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Anti-Slavery in North America

Frederick Douglass was born into slavery in 1818. When he was 23 years old, he gave a moving speech to abolitionists in Massachusetts about his life as a slave. He would continue on to become a leading spokesperson for the abolition of slavery and for racial equality.

Frederick’s mother died when he was seven. He witnessed the degradations of slavery, brutal whippings and spent much time cold and hungry. He moved to Baltimore and worked in a shipyard when he was eight years old. He also learned to read and found out about abolition and abolitionists.

After coming back from Baltimore, he was hired out to a farm but was mistreated; whipped and hardly fed. In 1836, Douglass resolved to be free by the end of that year. His plans to escape were realized two years later, on September 3, 1838. Travelling by train and steamboat he arrived in New York City the following day. A few weeks later he settled in Massachusetts, living with his newlywed bride.

Douglass always strived to educate himself. He joined various organizations, attended Abolitionists’ meetings and subscribed to a weekly journal on abolitionism. He became a lecturer for the Bristol Anti-Slavery Society for 3 years; and started a career that would continue throughout his life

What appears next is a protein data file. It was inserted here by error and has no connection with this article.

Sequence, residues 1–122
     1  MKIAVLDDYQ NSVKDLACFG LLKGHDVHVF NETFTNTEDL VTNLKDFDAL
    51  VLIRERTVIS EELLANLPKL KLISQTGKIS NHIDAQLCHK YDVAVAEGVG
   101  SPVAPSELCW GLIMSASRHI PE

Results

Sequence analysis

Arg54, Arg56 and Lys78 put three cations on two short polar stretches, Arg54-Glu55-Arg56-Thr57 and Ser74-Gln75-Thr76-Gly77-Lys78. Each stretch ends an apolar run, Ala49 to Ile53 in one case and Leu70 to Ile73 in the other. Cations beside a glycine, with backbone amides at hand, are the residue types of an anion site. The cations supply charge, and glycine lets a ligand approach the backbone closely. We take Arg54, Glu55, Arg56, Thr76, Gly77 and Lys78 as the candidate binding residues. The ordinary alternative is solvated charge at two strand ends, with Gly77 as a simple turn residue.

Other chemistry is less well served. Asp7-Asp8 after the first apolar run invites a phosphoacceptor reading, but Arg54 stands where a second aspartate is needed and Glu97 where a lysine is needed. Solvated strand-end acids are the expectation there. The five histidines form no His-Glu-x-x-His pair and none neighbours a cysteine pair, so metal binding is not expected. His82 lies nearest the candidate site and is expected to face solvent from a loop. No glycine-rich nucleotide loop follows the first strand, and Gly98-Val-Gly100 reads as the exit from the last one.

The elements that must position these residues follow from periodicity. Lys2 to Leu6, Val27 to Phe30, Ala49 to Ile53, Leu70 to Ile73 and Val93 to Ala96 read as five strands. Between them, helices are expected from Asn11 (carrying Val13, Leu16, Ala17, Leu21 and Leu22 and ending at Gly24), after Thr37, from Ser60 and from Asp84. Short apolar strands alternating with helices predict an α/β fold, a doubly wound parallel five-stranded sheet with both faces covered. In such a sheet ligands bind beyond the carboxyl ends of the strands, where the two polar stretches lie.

William Lloyd Garrison and Douglass had different views on abolition. Garrison represented the radical end of the abolitionist spectrum, denounced churches, political parties and even voting. Garrison believed in the dissolution of the Union. He also believed that the United States Constitution was a pro-slavery document.

In 1845, Douglass published his autobiography explaining his life as a slave. In 1851, Douglass announced that he did not assume that the constitution was a pro-slavery document. He didn’t advocate for the dissolution of the Union, since it would isolate slaves in the South.

Douglass continued his involvement to better the lives of African Americans. He conferred with Abraham Lincoln during the Civil War and recruited northern blacks for the Union Army. After the war, he fought for the rights of women and African American alike.


Source: Anti-Slavery in North America
Chilterns Quaker (formerly New Jordans) Programme, CC-BY-NC-SA 4.0

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